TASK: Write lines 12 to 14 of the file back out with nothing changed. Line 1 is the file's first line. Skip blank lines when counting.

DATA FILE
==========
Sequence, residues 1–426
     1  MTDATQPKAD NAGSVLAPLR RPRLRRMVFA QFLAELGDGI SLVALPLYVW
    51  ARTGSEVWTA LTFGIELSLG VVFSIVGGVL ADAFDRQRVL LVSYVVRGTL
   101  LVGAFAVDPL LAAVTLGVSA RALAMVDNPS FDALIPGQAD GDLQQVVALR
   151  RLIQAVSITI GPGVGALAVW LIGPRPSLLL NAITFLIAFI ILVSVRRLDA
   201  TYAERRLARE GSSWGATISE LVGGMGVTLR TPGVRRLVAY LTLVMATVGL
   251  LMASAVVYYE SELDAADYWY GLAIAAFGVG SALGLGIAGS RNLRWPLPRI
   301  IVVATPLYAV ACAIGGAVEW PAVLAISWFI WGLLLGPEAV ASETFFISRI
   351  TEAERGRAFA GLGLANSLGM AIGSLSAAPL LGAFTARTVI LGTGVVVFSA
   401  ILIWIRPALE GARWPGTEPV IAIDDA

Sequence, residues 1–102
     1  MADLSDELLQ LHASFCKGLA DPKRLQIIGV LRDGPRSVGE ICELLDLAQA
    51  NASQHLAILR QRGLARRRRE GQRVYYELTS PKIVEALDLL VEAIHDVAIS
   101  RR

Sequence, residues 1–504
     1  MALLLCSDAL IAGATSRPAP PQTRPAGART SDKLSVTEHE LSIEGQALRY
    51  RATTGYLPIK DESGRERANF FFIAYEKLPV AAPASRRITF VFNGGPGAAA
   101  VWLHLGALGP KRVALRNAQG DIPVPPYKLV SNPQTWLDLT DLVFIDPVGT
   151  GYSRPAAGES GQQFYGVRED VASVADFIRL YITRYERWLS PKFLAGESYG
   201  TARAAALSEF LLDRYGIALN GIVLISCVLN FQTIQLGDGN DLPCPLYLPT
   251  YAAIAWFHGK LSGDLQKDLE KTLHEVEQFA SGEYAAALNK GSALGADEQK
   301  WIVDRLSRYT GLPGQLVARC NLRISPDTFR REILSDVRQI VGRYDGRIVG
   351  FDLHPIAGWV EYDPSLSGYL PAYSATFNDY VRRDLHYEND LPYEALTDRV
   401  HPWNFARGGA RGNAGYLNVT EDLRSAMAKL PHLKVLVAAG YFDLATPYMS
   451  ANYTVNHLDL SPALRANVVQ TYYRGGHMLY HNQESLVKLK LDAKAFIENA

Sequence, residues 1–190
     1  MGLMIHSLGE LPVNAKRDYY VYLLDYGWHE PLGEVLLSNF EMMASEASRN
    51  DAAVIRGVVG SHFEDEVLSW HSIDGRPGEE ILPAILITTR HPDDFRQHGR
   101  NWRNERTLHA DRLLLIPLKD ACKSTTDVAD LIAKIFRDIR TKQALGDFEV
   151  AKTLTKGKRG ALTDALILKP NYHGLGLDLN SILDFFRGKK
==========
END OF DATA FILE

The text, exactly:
     1  MADLSDELLQ LHASFCKGLA DPKRLQIIGV LRDGPRSVGE ICELLDLAQA
    51  NASQHLAILR QRGLARRRRE GQRVYYELTS PKIVEALDLL VEAIHDVAIS
   101  RR